Art and Faith

Friday, 14 November 2008

Silent Night as Sung by Muslim Magomayev (Honoured Artist of Russia) and His Wife Tatiana Sinyavskaya



It’s time to start thinking of the Nativity season and it’s time to prepare for American Thanksgiving (our Canadian friends already had theirs in October), which means that it’s time to think of getting ready for Christmas on 7 January. So, I was looking for two musical pieces to tack on the front page for the duration of the holiday period. I chose this piece, sung in English by THE BOSS HIMSELF, the late great Muslim Magomayev (Honoured Artist of Russia) (Westerners didn’t call him the “Russian Sinatra” for nothing) and his wife, Tatiana Sinyavskaya. Reflect on the fact that they are not singing in their native languages and that this video was made in late Soviet times. Before 1991, the first shoots of the present revival in Russia were showing, and this video’s proof of that.

A lovely and blessed Nativity season to all of you.


Sunday, 3 February 2008

Video. Poddacha Na Altare (A Sacrifice on the Altar)

This is a video featuring many of the New Martyrs of Russia murdered by the Reds. Literally, millions gave their lives for Christ and Faith.


Let that sink in… They all had names. Think of how long it would take to say them all! That’s why we can’t allow radicals of the left or right into power. Besides the Reds, the 20th century saw the greatest bloodlettings mankind has ever seen. Reds, Nazis, Ustaše, OUN, Khmer Rouge, UÇK/KLA, Taliban… all were murderous; all were exclusivist nationalists. You’ll note many icons of the Martyrs of Butovo. In this one location outside Moscow, thousands died for Christ’s sake. The icon of St Maksim Sandovych is important. He gave his life because he rejected Uniatism, as did many others at the concentration camp in Talerhof (the Austrians have since obliterated the evidence of their crimes by building an airport on the site… how CONVENIENT). Not all the wickedness of the last century was at the hands of the Reds or Nazis. I stand mute at such a sacrifice… there are no words to be said.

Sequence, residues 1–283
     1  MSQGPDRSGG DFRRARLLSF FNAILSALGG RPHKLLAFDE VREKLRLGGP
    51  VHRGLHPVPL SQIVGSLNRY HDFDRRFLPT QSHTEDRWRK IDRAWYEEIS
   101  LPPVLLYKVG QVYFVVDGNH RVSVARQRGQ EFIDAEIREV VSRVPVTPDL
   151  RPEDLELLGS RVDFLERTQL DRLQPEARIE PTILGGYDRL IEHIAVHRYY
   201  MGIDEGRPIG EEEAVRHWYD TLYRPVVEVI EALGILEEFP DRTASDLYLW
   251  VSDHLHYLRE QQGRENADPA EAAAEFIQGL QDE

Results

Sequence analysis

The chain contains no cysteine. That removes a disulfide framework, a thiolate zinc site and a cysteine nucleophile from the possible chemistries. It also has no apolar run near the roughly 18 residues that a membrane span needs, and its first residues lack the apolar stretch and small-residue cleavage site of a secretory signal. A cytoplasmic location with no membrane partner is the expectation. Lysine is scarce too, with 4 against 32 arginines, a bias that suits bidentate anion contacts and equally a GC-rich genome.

Thursday, 6 December 2007

The Last Battle. Dmitri Khvorostovsky

A moving song in tribute to fallen soldiers is matched with art by contemporary Russian students. It is sung by Dmitri Khvorostovsky with the Moscow Chamber Orchestra. They haven’t forgotten… the motherland never forgets!


Friday, 30 November 2007

Rodina Slyshit (The Motherland Hears). Dmitri Khvorostovsky

Rodina Slyshit was a popular song of the Soviet period (it dates from 1961, from the time of the space flight of Yuri Gagarin). This recording has an interesting wrinkle to it. It starts off with a home recording of Dmitri Khvorostovsky as a boy singing this song accompanied by his father Aleksandr on the piano. Then, it segues into a contemporary recording of Mr Khvorostovsky with full orchestra. The song has a backdrop of “mood landscape” paintings by Pavel Osinyn.


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